“A spectre of feminism is invoked so that it might be undone.”

—Angela McRobbie, The Aftermath of Feminism

Last month, the sixth series of Take Me Out drew to a close. Although this series was ultimately as unremarkable as the previous five, there is clearly a great deal about this particular TV programme that is worth remarking upon, not least because it was screened into approximately three and a half million homes in the UK in January and February of this year alone.

For readers not resident in one of those homes, or otherwise unfamiliar with the hyped-up, sexed-up, twenty-first century version of Cilla Black’s Blind Date, Take Me Out is a reality TV dating show in which thirty single women stand behind thirty white lights in the hope of securing a date with a single man. During the course of each episode, four men descend from the ‘Love Lift’– a lift positioned in the middle of a long line of women garbed in supposed ‘Saturday night’ attire, for which the criteria seems to be threefold (short, tight, and bright) – to a song of their choice. To my knowledge, nobody chose to enter to Robin Thicke’s ‘Blurred Lines’, though there are clear parallels between the ideas which underpinned that song – and its video – and the show here described.

The men have three chances to ensure that the white lights behind which the women are standing remain white. The first chance is face-value, the second involves a pre-recorded video from the man and/or his friends and family, describing him in more detail, and the third is often based upon a demonstration of talent (the man’s sporting prowess, musical ability, and so on). If, as presenter Paddy McGuiness so often reminds, the women are “turned off, [they should] turn off”, or, in other words, turn their lights from white to red, to signal they are no longer interested in the prospect of a date with this particular man. Should all – or at least, more than two – of the lights remain white, the man must then set about turning them red himself. After “whittling it down to two girls”, he has the opportunity to ask the final two women one question, the answers to which will help him to “turn one girl off, and take one girl out”.

In spite of claims that the Saturday night show is ‘just a bit of fun’, ‘a laugh’, and ‘not to be taken too seriously’, my experience of watching the programme has been nothing short of deeply unenjoyable. In fact, I would go so far as to argue that my viewing of Take Me Out has been harmful, both to the women on the show, and to women in general. For far from being an example of female empowerment, Take Me Out is symptomatic of a postfeminist mentality which is both insidious and odious in nature. Building upon Susan Faludi’s backlash thesis of the 1990s, feminist scholars such as Angela McRobbie have forcefully argued that the postfeminist era (that is, late C20th to the present) is characterised by a ‘double entanglement’, by which feminism is deemed to have been ‘taken into account’ at the same time as it is wholeheartedly demonised. In the postfeminist context, feminism is simultaneously portrayed as though it is dead and as though its revival is unnecessary – inappropriate, even.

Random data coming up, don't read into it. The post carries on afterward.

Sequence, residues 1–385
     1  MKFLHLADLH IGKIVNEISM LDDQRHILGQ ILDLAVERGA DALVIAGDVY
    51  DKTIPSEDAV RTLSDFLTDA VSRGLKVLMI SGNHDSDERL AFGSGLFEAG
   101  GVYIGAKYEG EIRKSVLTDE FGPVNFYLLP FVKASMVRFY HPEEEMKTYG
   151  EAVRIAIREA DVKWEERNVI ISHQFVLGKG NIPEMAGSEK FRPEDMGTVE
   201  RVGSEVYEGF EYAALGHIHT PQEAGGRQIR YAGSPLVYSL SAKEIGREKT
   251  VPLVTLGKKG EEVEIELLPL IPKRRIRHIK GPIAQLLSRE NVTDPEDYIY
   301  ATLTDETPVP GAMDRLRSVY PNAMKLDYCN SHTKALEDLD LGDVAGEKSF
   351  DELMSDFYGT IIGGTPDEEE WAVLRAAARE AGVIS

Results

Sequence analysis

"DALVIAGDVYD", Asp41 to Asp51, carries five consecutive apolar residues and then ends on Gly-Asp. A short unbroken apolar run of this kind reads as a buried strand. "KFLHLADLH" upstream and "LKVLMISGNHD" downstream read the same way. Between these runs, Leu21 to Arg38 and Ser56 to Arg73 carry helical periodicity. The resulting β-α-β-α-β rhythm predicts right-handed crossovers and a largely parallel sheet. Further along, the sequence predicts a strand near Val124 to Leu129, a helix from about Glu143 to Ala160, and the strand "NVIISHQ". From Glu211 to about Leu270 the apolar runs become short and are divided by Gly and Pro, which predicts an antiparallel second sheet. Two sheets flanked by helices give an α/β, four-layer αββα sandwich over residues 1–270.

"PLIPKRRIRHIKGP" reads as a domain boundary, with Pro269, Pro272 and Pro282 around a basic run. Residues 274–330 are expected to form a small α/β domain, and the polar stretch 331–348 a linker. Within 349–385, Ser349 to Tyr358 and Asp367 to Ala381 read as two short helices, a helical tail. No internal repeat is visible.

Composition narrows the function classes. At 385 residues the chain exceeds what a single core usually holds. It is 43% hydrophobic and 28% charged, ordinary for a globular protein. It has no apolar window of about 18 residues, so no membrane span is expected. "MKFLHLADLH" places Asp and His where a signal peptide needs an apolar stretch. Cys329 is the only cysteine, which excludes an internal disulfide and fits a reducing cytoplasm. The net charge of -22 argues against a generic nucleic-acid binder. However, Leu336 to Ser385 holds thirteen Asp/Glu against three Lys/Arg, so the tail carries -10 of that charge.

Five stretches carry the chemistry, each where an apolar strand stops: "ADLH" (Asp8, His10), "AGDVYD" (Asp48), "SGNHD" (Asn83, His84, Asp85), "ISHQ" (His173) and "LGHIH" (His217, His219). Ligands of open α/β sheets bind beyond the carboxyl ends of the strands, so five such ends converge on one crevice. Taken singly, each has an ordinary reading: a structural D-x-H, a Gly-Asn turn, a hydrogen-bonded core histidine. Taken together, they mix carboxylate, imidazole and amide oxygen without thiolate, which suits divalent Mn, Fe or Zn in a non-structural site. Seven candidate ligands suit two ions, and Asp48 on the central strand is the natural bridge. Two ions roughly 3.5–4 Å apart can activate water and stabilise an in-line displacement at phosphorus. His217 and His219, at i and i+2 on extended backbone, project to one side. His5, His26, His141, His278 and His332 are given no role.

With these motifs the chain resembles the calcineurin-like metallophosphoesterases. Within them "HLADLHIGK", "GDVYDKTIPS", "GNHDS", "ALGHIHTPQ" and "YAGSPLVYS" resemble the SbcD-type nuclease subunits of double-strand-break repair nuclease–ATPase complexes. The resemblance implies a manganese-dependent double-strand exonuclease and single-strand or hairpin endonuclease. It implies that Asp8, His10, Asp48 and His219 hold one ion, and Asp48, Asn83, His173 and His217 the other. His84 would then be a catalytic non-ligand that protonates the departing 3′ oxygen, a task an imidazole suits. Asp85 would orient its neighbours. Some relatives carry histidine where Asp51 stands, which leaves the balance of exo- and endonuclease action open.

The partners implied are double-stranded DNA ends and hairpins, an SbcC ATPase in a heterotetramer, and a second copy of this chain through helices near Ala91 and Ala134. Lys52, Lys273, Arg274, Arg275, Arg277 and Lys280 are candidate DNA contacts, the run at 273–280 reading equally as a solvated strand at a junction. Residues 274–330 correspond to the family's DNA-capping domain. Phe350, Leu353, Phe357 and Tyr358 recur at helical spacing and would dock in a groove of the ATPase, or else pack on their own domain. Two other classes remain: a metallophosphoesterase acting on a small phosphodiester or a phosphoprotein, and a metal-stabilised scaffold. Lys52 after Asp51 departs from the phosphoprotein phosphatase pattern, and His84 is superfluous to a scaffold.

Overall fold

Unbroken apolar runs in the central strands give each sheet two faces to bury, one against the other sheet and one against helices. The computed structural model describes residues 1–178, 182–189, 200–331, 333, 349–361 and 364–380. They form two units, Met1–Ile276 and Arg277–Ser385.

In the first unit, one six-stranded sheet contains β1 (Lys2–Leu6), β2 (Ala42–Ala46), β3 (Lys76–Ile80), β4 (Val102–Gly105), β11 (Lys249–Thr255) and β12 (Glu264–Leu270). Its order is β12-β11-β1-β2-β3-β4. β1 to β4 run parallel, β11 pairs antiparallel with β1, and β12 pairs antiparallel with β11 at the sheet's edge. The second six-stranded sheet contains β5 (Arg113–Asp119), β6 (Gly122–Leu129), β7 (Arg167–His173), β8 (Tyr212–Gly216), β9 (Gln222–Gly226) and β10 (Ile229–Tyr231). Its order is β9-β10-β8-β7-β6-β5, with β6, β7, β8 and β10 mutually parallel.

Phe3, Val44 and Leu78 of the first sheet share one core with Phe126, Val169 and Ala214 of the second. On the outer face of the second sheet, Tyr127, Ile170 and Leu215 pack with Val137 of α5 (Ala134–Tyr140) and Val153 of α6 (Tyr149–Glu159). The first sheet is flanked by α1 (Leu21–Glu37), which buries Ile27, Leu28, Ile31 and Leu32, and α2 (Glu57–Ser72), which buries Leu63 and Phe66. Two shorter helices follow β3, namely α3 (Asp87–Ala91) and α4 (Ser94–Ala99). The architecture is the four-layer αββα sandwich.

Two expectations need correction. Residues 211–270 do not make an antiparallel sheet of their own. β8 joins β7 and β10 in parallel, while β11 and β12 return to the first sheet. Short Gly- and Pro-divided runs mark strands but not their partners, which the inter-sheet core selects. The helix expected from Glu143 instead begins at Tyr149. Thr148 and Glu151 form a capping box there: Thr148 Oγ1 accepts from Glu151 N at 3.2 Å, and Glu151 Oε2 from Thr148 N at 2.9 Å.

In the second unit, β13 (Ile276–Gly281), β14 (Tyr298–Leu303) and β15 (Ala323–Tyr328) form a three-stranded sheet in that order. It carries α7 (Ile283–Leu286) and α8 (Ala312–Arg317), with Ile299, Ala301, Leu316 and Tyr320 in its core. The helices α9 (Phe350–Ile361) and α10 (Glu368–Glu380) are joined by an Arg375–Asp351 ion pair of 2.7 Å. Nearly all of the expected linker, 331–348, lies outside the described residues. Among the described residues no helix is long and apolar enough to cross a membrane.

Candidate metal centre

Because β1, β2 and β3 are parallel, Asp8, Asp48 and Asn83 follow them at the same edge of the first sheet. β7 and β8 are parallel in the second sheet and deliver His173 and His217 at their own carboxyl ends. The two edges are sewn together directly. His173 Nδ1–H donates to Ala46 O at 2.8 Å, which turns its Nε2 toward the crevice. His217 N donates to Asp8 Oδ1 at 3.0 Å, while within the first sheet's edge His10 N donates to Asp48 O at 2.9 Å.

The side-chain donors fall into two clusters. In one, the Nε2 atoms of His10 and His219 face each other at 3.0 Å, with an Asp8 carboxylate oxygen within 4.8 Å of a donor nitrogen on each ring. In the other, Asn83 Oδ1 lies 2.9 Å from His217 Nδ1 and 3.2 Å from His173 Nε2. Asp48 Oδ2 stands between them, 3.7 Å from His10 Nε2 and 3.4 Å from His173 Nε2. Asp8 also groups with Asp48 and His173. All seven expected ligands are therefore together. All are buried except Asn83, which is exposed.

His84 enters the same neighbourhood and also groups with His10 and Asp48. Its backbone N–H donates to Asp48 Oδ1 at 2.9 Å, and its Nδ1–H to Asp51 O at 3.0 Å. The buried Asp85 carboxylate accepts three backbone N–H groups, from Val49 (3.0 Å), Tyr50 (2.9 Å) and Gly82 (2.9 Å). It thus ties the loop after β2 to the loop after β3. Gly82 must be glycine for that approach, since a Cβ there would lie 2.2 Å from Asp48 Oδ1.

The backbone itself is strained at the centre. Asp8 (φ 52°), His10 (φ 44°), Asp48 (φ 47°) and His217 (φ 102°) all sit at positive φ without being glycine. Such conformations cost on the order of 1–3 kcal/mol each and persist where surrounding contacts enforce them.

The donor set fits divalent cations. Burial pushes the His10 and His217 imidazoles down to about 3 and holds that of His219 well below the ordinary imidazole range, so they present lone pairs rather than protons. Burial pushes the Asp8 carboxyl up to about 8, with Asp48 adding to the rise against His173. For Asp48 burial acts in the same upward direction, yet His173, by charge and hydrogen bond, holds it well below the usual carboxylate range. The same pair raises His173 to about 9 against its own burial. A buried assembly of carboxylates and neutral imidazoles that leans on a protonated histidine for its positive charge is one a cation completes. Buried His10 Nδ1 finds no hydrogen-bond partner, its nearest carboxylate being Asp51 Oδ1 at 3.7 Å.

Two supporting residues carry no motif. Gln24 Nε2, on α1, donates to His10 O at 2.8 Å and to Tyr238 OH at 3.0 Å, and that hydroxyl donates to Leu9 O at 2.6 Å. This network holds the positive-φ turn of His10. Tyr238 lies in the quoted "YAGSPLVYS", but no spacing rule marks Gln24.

As McRobbie explains, here “tropes of freedom and choice are inextricably connected with the category of young women”, who apparently do have it all after all: the economic and sexual freedom so hard-fought for by the second wave that makes the entire movement irrelevant (and even insulting) to women today. It is within this postfeminist (anti-feminist) context that women make a series of (constrained) choices, and it is precisely thinking of this nature that enables women who feature on programmes such as Take Me Out to be presented in sexual, unintellectual terms. How? Because women are here ‘choosing’ to be presented (read: objectified) in this way. Because sexism is clearly subverted on a dating show that empowers women to ‘choose’ to turn their lights off should they not want to date the man out of the lift. Feminism – in all its banality – is no longer relevant, and anybody who says that these women are exploited when they describe future sexual exploits to a man on national TV in a bid to ultimately be chosen by him is taking life too seriously. We know about equality and we subscribe to it: if anything, the men are objectified, too! Right?


Wrong. So long as the playing field remains uneven, the ‘hyper-culture of commercial sexuality’, to use McRobbie’s terms, is far more damaging to women than it is men. More than this, it is particularly damaging to women who do not fit the mould of sexuality prescribed by the show. Take Me Out, to my knowledge, has never included in its line-up a woman who is larger than a size 16 (and these women are the exception), or a woman who has a visible disability, or a woman who is over the age of 50 (except for that one time where they had a ‘special’ show for the over-50s, which says it all, really). The show is for people seeking to date members of the opposite sex only. It is exclusive to people who self-identify as female or male, and it is also only for people who are single and “looking for love”.

While none of this is surprising, given that, as Rosalind Gill has argued, the postfeminist sensibility is one “in which notions of autonomy, choice and self-improvement sit side-by-side with surveillance, discipline and the vilification of those who make the ‘wrong choices’ (e.g. become too fat, too thin, or have the audacity or bad judgement to grow older)”, in essence, this dating game is underpinned by a very specific heteronarrative which prohibits most physical bodies from play. This being the case, then, we might wonder why the show remains so popular amongst the British public.